---|---|---|---|---|---|---|

NSE | RPE (%) | RTE (%) | NSE | RPE (%) | RTE (%) | |

1-1 | 0.86 | −2.2 | 4.7 | 0.62 | −3.6 | −9.3 |

1-2 | 0.88 | −3.8 | 2.3 | 0.44 | −7.2 | 0.0 |

1-3 | 0.88 | −3.5 | 8.3 | 0.49 | −5.2 | −16.7 |

1-4 | 0.89 | −3.4 | 4.3 | 0.47 | −4.1 | −8.5 |

1-5 | 0.84 | −4.5 | 4.7 | 0.63 | −3.8 | −9.3 |

2-1 | 0.80 | −4.2 | 11.1 | 0.62 | −2.6 | −2.8 |

2-2 | 0.63 | −5.7 | 2.2 | 0.46 | −3.6 | 4.4 |

2-3 | 0.65 | −4.0 | 7.5 | 0.42 | −3.8 | 5.0 |

2-4 | 0.77 | −5.1 | 4.5 | 0.68 | −1.6 | 0.0 |

2-5 | 0.86 | −4.0 | 6.4 | 0.40 | −4.2 | 8.5 |

AAV | 0.81 | 4.0 | 5.6 | 0.52 | 4.0 | 6.5 |

No. | Flow Depth | Sectional Averaged Velocity | ||||
---|---|---|---|---|---|---|

NSE | RPE (%) | RTE (%) | NSE | RPE (%) | RTE (%) | |

1-1 | 0.97 | 0.6 | 0.0 | 0.89 | 0.78 | 4.7 |

1-2 | 0.99 | −1.7 | 0.0 | 0.84 | −1.59 | 4.5 |

1-3 | 0.99 | −0.1 | 6.3 | 0.89 | −0.53 | 2.1 |

1-4 | 0.99 | −0.5 | 0.0 | 0.86 | −0.73 | −6.4 |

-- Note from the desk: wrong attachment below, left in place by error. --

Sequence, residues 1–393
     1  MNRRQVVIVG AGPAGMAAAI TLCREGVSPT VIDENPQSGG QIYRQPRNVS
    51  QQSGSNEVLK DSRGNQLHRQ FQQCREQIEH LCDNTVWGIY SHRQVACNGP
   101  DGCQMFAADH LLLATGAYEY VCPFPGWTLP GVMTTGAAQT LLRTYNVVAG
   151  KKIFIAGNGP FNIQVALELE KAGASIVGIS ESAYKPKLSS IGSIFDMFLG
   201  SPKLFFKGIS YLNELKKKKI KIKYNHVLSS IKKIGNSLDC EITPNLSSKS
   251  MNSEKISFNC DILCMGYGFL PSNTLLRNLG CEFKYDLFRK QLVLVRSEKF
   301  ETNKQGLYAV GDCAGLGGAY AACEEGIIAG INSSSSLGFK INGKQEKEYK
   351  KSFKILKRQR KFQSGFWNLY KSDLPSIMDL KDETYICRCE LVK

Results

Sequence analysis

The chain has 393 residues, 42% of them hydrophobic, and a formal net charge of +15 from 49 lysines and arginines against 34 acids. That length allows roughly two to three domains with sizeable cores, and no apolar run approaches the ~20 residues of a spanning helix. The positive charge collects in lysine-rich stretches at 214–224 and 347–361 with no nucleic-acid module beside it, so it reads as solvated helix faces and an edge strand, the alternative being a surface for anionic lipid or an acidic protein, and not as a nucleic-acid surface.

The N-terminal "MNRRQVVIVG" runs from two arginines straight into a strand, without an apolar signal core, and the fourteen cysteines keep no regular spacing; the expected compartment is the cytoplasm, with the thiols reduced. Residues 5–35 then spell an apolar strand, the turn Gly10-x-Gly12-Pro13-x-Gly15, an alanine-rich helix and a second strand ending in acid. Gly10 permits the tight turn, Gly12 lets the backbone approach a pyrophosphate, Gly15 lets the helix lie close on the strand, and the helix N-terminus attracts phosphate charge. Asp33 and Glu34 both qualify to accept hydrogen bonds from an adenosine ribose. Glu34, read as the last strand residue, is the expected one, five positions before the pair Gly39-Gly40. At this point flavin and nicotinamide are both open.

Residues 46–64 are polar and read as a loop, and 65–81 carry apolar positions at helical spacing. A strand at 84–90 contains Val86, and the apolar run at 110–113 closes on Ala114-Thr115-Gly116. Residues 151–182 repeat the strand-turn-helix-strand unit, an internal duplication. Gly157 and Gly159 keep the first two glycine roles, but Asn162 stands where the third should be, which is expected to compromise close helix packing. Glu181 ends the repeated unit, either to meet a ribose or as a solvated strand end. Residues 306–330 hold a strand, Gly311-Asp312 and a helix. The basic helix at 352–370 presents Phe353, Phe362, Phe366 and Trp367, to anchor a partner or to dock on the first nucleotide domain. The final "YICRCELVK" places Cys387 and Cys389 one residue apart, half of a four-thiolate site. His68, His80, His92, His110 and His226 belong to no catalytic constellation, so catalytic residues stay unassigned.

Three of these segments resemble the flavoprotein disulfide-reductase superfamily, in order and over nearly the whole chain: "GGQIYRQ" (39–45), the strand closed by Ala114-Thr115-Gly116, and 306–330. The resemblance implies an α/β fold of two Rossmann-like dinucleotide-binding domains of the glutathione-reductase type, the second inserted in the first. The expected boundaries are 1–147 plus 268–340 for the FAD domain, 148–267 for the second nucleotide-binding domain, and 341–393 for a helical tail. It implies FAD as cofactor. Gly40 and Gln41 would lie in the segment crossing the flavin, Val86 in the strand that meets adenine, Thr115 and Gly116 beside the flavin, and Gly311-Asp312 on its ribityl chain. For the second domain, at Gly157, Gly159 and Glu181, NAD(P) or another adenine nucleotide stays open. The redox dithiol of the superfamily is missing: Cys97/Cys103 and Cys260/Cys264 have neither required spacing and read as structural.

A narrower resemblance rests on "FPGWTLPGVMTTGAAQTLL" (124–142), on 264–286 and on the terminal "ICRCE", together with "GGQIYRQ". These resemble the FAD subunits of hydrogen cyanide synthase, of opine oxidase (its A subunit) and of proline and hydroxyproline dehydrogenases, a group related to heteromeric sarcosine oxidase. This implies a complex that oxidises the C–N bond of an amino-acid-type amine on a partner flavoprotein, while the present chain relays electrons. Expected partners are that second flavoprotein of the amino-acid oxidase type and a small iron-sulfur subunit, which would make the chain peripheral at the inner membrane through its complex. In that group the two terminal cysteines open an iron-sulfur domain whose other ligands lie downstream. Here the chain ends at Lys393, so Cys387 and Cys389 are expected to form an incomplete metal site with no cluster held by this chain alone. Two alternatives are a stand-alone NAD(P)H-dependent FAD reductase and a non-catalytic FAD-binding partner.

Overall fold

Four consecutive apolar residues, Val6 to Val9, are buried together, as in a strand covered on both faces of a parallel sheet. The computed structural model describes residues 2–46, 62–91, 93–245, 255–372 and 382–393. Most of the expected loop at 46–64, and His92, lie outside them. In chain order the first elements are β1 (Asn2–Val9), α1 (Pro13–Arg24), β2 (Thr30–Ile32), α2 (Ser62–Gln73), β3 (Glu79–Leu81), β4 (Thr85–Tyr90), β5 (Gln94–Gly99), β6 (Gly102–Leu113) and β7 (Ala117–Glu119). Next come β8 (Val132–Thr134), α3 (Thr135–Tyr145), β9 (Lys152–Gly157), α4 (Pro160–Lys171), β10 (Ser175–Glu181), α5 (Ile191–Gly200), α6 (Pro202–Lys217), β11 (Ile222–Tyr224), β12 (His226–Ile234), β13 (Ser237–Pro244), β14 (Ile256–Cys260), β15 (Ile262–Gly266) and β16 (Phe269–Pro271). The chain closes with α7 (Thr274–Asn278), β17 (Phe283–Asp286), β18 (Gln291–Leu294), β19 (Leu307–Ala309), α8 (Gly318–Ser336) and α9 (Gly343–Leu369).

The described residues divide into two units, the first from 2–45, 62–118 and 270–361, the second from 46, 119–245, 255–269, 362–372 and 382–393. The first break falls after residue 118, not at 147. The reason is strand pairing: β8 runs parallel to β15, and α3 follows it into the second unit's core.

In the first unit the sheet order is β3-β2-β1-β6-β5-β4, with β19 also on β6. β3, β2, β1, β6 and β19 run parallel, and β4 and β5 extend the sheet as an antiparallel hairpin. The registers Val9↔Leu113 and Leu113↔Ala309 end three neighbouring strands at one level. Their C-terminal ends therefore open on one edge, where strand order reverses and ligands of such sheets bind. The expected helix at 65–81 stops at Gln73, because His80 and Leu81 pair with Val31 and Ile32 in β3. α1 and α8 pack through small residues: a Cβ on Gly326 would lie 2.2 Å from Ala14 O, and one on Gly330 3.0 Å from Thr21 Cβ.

1-5 | 0.98 | −0.6 | 4.7 | 0.85 | 0.40 | 0.0 |

2-1 | 0.99 | 0.0 | 2.8 | 0.73 | 0.54 | 8.3 |

2-2 | 0.91 | −4.0 | 0.0 | 0.93 | −0.01 | 8.9 |

2-3 | 0.93 | −1.7 | 0.0 | 0.86 | −0.13 | 7.5 |

2-4 | 0.88 | −4.3 | −2.3 | 0.72 | 2.69 | 4.5 |

2-5 | 0.95 | −2.8 | 0.0 | 0.88 | −0.31 | −2.1 |

AAV | 0.96 | 1.65 | 1.60 | 0.84 | 0.77 | 4.91 |

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## Share and Cite

**MDPI and ACS Style**

Zhou, J.; Bao, W.; Li, Y.; Cheng, L.; Bao, M.
The Modified One-Dimensional Hydrodynamic Model Based on the Extended Chezy Formula. *Water* **2018**, *10*, 1743.
https://doi.org/10.3390/w10121743

**AMA Style**

Zhou J, Bao W, Li Y, Cheng L, Bao M.
The Modified One-Dimensional Hydrodynamic Model Based on the Extended Chezy Formula. *Water*. 2018; 10(12):1743.
https://doi.org/10.3390/w10121743

**Chicago/Turabian Style**

Zhou, Junwei, Weimin Bao, Yu Li, Li Cheng, and Muxi Bao.
2018. "The Modified One-Dimensional Hydrodynamic Model Based on the Extended Chezy Formula" *Water* 10, no. 12: 1743.
https://doi.org/10.3390/w10121743